Habitat and biology

The snowy grouper is found at depths of between 10 and 525 metres (33 and 1,722 ft) over rock substrates in offshore waters, although they are commonest between 100 and 200 metres (330 and 660 ft).[1] The juveniles are found in shallower, coastal waters and are frequently found along the northeastern coast of the United States.[4] Like most groupers this species is predatory and prey items recorded for adults include fishes, gastropods, cephalopods, and brachyuran crustaceans.[2] They are protogynous hermaphrodites and form aggragations for spawning. Females attain sexual maturity at ages between 3 and 5 years old and total lengths of 45.1 to 57.5 centimetres (17.8 to 22.6 in), changing to males 3 to 4 years after attaining sexual maturity as females.[1] Off North America this species spawns from May to June and a female may lay more than 2 million eggs in a season.[6]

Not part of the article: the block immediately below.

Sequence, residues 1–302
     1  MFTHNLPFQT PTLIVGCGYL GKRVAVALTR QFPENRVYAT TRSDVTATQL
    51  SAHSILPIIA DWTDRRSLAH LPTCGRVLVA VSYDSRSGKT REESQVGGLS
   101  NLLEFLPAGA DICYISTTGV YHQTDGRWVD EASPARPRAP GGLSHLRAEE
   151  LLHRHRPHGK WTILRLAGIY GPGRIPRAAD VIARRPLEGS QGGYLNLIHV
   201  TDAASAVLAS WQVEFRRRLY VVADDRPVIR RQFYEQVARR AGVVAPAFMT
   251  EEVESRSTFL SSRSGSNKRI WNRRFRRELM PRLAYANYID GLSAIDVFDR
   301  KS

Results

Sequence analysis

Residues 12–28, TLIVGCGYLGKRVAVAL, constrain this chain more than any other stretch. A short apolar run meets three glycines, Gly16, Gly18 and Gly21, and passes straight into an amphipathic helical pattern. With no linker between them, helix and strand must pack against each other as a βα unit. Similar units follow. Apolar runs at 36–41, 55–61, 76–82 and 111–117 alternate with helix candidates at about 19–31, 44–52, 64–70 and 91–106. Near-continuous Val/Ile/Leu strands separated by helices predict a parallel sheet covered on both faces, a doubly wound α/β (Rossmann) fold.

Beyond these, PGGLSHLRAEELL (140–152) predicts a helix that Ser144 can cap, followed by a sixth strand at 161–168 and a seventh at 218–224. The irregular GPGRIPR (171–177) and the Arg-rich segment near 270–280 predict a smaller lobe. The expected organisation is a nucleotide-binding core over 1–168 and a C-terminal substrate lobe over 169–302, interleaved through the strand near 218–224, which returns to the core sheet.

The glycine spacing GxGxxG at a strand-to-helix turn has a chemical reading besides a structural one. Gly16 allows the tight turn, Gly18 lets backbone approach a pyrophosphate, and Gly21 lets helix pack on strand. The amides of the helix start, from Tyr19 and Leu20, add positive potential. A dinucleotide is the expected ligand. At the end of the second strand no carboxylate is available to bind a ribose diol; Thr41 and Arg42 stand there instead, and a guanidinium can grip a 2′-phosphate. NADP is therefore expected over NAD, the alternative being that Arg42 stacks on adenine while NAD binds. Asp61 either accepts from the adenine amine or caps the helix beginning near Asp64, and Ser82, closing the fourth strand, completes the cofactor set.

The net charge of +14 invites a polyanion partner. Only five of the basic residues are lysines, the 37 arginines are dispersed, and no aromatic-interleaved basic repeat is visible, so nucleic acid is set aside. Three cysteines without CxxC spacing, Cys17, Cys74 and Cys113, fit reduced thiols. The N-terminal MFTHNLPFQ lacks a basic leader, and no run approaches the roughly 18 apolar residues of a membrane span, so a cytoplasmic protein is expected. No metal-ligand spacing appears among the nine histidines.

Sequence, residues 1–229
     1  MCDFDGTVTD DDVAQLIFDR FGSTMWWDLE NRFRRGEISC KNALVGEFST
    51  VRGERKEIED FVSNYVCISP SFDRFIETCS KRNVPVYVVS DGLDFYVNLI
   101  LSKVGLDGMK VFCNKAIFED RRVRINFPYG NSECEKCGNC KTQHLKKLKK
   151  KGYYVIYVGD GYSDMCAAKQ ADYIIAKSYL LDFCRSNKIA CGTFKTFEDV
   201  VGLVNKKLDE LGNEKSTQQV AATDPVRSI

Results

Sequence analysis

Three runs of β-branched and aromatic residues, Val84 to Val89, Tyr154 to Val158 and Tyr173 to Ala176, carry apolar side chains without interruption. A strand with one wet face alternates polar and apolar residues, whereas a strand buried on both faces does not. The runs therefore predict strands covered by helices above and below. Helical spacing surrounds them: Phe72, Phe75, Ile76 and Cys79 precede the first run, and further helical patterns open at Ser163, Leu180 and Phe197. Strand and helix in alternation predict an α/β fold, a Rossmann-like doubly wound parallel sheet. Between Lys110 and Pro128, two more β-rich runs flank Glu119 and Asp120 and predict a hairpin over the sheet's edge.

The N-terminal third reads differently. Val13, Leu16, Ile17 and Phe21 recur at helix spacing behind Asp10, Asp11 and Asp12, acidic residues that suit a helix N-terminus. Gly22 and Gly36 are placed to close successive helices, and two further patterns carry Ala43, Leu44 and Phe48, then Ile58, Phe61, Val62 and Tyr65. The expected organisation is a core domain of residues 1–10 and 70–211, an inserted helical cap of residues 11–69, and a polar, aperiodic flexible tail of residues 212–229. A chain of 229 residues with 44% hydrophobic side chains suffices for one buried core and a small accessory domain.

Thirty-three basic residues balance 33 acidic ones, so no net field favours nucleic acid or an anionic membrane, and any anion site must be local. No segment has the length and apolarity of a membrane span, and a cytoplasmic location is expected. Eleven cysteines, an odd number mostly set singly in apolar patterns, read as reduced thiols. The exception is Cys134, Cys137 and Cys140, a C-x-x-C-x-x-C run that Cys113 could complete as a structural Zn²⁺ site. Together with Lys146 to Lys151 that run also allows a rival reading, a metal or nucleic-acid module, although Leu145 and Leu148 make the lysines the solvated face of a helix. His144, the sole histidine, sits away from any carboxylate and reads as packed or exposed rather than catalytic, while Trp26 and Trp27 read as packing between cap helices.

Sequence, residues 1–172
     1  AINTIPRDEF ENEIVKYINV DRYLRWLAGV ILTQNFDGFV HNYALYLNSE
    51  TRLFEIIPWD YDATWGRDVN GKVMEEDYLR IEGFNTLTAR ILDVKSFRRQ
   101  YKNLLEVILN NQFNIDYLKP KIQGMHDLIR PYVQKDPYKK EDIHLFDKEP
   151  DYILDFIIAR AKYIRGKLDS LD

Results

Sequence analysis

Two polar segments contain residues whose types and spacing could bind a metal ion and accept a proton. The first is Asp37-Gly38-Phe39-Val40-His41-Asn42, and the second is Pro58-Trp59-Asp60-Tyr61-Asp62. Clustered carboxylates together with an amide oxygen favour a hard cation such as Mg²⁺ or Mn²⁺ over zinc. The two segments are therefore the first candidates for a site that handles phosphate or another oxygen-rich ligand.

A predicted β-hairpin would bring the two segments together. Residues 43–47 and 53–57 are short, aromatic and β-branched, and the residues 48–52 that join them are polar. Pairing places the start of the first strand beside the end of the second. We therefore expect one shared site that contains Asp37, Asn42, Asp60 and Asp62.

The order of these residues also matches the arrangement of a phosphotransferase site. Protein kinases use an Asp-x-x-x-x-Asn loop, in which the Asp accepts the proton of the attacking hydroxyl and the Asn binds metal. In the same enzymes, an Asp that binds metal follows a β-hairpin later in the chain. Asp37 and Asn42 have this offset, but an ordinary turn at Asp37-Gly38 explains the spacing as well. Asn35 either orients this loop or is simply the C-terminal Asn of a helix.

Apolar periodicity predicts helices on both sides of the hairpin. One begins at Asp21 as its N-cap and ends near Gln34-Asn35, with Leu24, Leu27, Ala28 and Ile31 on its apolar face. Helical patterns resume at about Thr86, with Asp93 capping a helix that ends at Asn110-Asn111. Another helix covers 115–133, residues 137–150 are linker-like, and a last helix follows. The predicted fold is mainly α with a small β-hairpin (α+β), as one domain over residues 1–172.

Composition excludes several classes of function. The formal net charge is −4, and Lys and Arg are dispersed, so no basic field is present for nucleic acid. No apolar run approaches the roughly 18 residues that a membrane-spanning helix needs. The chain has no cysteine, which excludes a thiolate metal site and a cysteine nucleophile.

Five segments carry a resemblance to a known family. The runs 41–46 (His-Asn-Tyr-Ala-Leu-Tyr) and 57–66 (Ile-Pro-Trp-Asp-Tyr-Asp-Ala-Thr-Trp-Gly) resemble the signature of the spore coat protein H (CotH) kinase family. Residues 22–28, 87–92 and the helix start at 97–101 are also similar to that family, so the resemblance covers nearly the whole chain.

Taxonomy

The snowy grouper was first formally described as Serranus niveatus in 1828 by the French zoologist Achille Valenciennes (1794-1865) with the type locality given as Brazil.[7] In 1861 Theodore Nicholas Gill described a new species Hyporthodus flavicauda and placed it in its own monotypic genus, Hyporthodus although this was later shown to be a synonym of Serranus niveatus, this means that Serranus niveatus is the type species of this genus.[8]

Utilisation

The snowy grouper is targeted by commercial fisheries in the United States, in Central America and off South America using hook-and-line, bottom longlines, traps and trawls.[1] In United States waters te snowy grouper may be fished for from 1 January to 31 August but as its management includes an annual catch limit, the fishery may be closed if this limit has been met or is projected to be met.[6] In 2019 the fishery was closed on 3 August.[9]